“I’m the sort of person who, when I meet someone I fall in love with, I’ll automatically go and make a break up mix tape,” says Emma Forrest from a room at the Roxy Hotel in downtown New York. The 41-year-old first-time director, running on only a few hours of sleep following the premiere of her directorial debut effort “Untogether,” channeled this self-described “fatalistic sense” toward her relationships into the highly personal screenplay for the film.
“Untogether” stars Jemima Kirke alongside the ensemble cast which includes her sister Lola Kirke, Jamie Dornan, Billy Crystal and Ben Mendelsohn, who was a direct inspiration for the story.
“Ben and I were married until really recently, and I started writing the script when we just first got together,” says Forrest. “And it was basically, oh, it was meant to be a one-night stand, but I feel like I can’t let go of this person, what is drawing me so forcefully to someone who I also have a fatalistic sense, like maybe this isn’t going to work?” she continues. “So it was about a one-night stand which is really a love story, and the audience realizes [the characters] are really in love before they end up admitting it to each other. So that was very much, sort of, us. It took awhile to admit that it was really special.”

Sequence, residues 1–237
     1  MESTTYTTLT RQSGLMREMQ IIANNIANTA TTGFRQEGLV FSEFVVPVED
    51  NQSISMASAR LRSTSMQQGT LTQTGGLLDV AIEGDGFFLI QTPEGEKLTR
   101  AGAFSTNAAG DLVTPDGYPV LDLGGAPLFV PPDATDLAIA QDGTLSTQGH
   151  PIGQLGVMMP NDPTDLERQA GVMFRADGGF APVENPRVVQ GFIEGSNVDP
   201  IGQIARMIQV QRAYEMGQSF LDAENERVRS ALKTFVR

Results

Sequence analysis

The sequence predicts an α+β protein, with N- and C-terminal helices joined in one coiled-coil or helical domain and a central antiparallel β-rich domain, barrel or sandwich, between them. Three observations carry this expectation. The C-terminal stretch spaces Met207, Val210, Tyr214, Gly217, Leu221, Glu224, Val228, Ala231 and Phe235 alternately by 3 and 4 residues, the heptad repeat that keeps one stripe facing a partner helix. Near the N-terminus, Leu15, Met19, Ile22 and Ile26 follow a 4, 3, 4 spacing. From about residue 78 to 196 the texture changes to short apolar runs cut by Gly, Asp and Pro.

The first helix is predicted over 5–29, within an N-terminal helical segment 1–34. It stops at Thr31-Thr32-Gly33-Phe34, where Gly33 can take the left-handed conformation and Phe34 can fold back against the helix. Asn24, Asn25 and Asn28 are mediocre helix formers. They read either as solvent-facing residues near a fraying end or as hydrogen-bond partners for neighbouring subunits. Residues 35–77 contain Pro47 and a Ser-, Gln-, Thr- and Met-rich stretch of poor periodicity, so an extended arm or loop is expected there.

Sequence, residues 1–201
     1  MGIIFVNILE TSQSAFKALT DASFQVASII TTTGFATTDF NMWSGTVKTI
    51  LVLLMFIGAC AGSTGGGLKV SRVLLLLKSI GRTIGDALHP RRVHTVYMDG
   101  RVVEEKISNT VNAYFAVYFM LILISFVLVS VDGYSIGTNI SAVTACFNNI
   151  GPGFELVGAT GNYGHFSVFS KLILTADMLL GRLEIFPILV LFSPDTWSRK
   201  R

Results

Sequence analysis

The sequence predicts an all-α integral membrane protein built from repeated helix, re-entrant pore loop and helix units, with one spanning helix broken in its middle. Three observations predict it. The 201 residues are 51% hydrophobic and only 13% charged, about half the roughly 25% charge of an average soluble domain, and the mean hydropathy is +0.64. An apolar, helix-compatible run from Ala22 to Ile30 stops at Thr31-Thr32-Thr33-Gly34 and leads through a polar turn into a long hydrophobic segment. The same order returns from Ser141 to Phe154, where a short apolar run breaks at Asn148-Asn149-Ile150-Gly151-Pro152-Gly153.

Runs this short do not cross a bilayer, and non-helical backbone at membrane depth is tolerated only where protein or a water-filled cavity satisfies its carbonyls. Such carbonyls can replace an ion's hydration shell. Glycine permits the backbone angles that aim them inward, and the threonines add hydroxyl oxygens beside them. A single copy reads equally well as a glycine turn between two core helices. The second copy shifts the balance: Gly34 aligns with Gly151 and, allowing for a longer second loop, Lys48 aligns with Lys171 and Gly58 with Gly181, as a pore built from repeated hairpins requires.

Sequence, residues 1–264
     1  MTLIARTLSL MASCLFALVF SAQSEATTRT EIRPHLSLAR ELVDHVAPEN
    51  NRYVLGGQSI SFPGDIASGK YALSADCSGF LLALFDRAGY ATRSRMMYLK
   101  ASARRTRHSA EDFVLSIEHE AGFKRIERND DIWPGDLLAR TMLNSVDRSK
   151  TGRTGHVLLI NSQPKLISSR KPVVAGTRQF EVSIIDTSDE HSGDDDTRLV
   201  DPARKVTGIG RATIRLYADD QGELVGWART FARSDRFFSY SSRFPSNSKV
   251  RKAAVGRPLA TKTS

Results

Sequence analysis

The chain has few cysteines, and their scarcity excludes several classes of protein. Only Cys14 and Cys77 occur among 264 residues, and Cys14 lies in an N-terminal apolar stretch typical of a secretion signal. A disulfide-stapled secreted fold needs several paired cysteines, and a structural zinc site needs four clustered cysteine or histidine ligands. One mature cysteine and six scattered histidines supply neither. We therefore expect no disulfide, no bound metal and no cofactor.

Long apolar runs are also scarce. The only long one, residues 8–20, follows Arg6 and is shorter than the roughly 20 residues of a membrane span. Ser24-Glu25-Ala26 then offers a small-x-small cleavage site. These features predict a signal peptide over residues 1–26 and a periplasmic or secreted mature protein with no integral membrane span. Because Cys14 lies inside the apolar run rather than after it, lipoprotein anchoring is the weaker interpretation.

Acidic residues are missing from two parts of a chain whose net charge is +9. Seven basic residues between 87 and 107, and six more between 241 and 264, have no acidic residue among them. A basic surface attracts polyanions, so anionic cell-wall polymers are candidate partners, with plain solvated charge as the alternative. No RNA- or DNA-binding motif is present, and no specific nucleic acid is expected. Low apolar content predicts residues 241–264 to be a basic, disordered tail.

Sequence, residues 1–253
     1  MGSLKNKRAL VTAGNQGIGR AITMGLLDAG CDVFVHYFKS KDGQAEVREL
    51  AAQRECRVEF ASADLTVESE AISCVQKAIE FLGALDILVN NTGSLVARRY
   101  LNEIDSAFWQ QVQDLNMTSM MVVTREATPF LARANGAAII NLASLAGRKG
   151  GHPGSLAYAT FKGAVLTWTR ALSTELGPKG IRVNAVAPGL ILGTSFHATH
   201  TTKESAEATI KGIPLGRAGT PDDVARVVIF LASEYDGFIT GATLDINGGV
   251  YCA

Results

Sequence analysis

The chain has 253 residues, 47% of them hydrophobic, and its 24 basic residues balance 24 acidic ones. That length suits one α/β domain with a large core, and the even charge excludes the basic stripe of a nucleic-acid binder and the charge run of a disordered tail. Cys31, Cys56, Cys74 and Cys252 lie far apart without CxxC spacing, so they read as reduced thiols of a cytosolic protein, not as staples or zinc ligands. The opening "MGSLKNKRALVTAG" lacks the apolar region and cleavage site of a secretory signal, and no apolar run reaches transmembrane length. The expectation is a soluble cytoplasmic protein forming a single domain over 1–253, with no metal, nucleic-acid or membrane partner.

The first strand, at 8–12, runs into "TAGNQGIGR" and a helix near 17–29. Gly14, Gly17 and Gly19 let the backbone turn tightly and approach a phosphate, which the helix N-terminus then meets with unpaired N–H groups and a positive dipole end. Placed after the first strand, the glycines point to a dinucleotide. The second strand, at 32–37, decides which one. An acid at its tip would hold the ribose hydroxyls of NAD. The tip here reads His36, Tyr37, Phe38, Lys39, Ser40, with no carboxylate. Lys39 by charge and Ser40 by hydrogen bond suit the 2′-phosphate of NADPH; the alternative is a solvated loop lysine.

Mendelsohn was naturally the first person cast for the project — he told Forrest that he was game for whichever role needed — and Forrest found her leading lady after the actor filmed an episode of “Girls” with Jemima.
“I was there, and I felt so connected to her immediately and thought she’d be a great avatar for me, sort of like the way Nora Ephron used Meg Ryan — I would love to use Jemima over and over as the quasi-me; we’re very similar,” Forrest says, before calling attention to the ring on her finger. “Classic Jemima — she came and stayed at my house with her children, and we had a great time, but she put dishes in the sink without washing them, all of that stuff. And then on the last day, she just pulled this off her finger and went, ‘I want you to have this diamond ring,’ and put it on my finger. And that’s the sort of thing I would do; a little bit selfish and narcissistic, but just so big-hearted as well.”
From there, the casting continued to unfold as a chain reaction; Jemima recruited her sister into the project, which marks the first time two have acted onscreen together (and portraying sisters, no less.) Dornan stepped into the role opposite Jemima, bringing his “Fifty Shades” commercial clout along for the ride.
“I just think that’s a real male ally,” says Forrest. “An A-list actor who reads a script where he isn’t the main star — Jemima’s the star — and he comes on because he thinks it’s great, and because he knows that when he comes on, it’s going to get financed. That’s a male ally to a female filmmaker.”
(Forrest also describes him as a “mythological beast,” saying: “Lola and Jemima and me and Ben are quite dysfunctional in many ways. Jamie shows up on set and he’s the most normal, most mentally healthy, just straight-ahead family guy, and we sort of circled him.”)